6. Why do we have no information on what Mr Goulding, and his colleagues on the board did, in relation to HSE letters they received warning them that they were not in in compliance? Did they not take these letters seriously? Where these letters discussed at board meetings?
7. In relation to the transfer of money from a charity account, ‘The Friends and Supporters of the CRC’, to Paul Kiely, does Mr Goulding view this as an acceptable transfer and did he seek advice in relation to the legality of the issue?
8. Mr Goulding’s comments in relation to the confidentiality agreement are simply not credible. The minutes of the board meeting on the 25th March 2013 make clear reference to the fact that a legally-binding confidentiality agreement was to be put in place. Considering Mr Goulding was the Chairperson of the Board who made a presentation on Mr Kiely’s retirement package, how can he claim that the confidentiality agreement was merely something that was put in without being requested, when it was recorded in the board minutes? He needs to clarify this.
9. The HSE, at the Public Accounts Committee, made very clear that the package offered to Mr Kiely was in no way comparable to the HSE Early Retirement Scheme of December 2010. The Interim Administrator of the CRC has also referenced this in his letter to the committee. Mr Goulding, and his colleagues, need to outline very clearly to the committee how they arrived at the final sum given to Mr Kiely and what advice they sought in this regard.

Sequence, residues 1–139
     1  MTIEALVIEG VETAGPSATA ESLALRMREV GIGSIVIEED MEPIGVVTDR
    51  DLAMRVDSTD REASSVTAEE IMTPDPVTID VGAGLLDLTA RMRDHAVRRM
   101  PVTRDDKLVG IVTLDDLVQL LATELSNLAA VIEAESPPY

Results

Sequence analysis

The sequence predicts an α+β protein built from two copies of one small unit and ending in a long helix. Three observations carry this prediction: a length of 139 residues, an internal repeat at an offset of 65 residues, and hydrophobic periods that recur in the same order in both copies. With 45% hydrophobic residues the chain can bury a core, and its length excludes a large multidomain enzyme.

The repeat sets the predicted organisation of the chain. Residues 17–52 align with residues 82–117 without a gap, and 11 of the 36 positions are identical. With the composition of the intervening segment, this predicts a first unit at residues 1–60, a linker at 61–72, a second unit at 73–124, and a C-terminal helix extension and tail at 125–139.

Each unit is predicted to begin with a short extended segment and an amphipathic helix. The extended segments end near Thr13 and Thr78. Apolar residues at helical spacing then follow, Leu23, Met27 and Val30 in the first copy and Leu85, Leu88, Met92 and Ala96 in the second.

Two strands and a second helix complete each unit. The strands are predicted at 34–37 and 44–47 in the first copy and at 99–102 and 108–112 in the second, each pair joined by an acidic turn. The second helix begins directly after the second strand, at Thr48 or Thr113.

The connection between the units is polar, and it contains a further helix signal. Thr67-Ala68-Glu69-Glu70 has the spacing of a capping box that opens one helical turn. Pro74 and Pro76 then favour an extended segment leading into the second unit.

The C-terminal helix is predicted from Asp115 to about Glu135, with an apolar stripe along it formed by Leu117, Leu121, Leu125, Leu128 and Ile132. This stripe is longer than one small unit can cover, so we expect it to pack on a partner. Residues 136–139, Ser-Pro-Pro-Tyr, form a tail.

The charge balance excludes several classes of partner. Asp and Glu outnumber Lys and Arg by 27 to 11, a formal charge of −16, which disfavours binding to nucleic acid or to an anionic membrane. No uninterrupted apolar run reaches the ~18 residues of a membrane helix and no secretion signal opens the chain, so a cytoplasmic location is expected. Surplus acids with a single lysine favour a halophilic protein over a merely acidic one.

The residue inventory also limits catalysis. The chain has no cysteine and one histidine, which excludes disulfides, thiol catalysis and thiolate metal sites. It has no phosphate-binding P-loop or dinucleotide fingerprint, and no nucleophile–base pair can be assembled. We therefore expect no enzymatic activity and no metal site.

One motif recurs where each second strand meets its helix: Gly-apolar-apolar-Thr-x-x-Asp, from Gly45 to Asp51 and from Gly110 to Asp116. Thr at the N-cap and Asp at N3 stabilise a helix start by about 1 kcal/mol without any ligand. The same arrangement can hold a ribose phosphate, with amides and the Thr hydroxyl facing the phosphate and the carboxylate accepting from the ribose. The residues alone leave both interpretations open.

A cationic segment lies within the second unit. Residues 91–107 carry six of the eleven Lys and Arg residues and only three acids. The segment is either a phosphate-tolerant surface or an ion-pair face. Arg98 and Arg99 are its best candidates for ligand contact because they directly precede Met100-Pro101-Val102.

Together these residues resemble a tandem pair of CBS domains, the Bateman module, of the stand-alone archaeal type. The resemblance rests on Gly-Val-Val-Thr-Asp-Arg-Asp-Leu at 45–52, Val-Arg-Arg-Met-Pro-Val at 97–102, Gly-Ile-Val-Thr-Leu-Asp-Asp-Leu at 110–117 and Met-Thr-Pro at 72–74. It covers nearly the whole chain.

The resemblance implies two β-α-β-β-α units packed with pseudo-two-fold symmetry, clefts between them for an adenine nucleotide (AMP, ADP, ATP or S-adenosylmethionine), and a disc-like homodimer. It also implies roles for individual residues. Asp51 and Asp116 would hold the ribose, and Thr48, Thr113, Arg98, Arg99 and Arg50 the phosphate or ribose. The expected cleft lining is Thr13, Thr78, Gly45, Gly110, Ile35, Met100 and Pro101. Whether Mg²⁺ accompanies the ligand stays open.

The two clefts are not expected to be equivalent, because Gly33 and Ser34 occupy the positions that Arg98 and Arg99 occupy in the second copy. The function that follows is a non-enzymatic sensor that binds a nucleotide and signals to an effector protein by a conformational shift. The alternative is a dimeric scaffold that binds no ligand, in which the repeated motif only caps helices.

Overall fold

10. Mr Goulding today seemed to again ignore the fact that not only was the board in conflict with the HSE, in relation to the extremely large salary of Paul Kiely, and not only does the board have questions to answer in relation to Mr Kiely’s massive and extraordinary pay-off, they also acted incorrectly and improperly in appointing Mr Kiely’s successor, Mr Conlon. The Board did not advertise the post publicly, in the first instance, and then put in place a pay structure which wasn’t in accordance with HSE guidelines. Mr Goulding and his colleagues need to provide more information on this.
“It is absolutely vital that these individuals now come before the Public Accounts Committee, we also need to see the Remuneration Committee meeting minutes which relate to Mr Kiely’s departure. These should be very easy for Mr Goulding to provide considering he was a member of this committee. We also need to see more minutes of board meetings that took place before and after the special meeting of 25th March 2013.
“Despite his stated commitment to corporate governance reforms, Mr Goulding continued to sit on board for a company in which the same directors sat on multiple boards including the board of the Friends and Supporters of CRC. I am also very keen to hear Mr Goulding’s thoughts regarding the use of visa cards by CRC staff.
“I hope and expect that Mr Goulding will address these matters urgently with the Public Accounts Committee and I respectfully urge that he send on all documentation, relating to these matters, to the Committee as a matter of priority.”